Birhanu Daniel’s exhibition Mysterious Life Stroke opened on Tuesday March 20 at the Italian Cultural Institute. After graduating from Abyssinia Fine Arts Center and Teferi Meknonen Art School, Birhanu has participated in various group exhibitions including one still on view at Lela Contemporary Art Gallery.
Mysterious Life Stroke is his first solo show and Birhanu is determined to break into the local art scene. He creates his work by immersing himself in the minute details of what it means to be an artist and dwelling on the process of creation itself.
Mysterious Life Stokes draws inspiration from color mixing palettes used by painters. His pieces are cropped and magnified subsections of a palette, an exercise in searching for right colors in the layers of mysteriously arranged colors. A process he calls Accidental Art. One piece, untitled, taken from a section of his own palette is a violent mixture of rapid and haphazard brushstrokes in red and black. He is fascinated by the relationship between a painting and the palette used in it’s making. Another piece taken from a friend’s palette is dark and brooding, with sudden long flashes of intense white, depicting the artist’s internal landscape. He describes his friend as depressive and struggling with her choice to become an artist.
This meditation on the artistic process highlighting a small element helps Birhanu enter another artist’s frame of mind and imagine his/her reality. This is all the more signified by an installation of a paint stained outfit including pants, shirt and boots. The figure wears a red hood, illustrating Birhanu’s erasure from the process as he has embodied another artist’s identity. The figure’s ensemble was one Birhanu was wearing as he painted these pieces. The combat boots, painted red and blue stand on the canvases he used as his own palette.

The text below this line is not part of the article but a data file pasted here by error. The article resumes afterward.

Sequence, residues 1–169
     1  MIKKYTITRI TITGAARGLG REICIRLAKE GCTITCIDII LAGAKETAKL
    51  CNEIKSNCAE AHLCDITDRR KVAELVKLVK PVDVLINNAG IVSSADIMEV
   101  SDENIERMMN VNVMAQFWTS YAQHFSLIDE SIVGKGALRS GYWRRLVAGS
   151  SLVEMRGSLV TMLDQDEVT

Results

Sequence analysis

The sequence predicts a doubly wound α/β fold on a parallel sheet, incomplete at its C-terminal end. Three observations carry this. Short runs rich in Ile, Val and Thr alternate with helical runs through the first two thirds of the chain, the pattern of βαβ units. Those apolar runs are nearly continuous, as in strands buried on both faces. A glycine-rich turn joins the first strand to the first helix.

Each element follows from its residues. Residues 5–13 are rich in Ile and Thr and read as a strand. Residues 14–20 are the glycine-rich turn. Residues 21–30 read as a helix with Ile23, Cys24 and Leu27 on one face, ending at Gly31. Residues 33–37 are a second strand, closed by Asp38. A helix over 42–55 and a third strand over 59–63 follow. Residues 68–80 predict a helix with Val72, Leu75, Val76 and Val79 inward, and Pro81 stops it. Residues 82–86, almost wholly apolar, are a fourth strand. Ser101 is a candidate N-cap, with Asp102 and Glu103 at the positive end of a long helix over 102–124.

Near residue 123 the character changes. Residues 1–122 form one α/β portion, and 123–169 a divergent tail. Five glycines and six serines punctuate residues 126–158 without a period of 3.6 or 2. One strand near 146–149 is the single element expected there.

These abstract works are open to interpretation. One woman was taken aback to her childhood spent playing in grassy fields while another man was immediately reminded of the Red Terror. Birhanu is of the opinion that abstract art comes from reality. He also works in realism and surrealism and says these schools have influenced his style. A childlike approach to his work allows him to pay with ideas and methods of execution. He is careful not to entirely submerge himself in his work and forget his surroundings; a practice he says is common among many artists.
One of two surrealist pieces in the exhibit depicts a bound and gagged young man in a graduation cap, a crow holding a 100 Birr note in its beak to the left, a palette above his head and a bolted door behind him. He says this piece illustrates the stressful post-graduation period an artist must go through before gaining recognition. Birhanu has somehow circumvented the long and arduous journey young artists must endure before even having a solo show. At the age of 23 he has quickly traversed the road to becoming a full-fledged artist. Addis Ababa is increasingly becoming more accepting and welcoming of young painters. There are more galleries today than a decade ago; there is a burgeoning art market and several programs that bolster emerging artists like the British Council’s Creative Futures. Birhanu’s youthful energy and quiet determination have propelled him to this stage. He is now preparing for an upcoming solo show at Fendika Cultural Center in September.
Contributed by Hiwot Abebe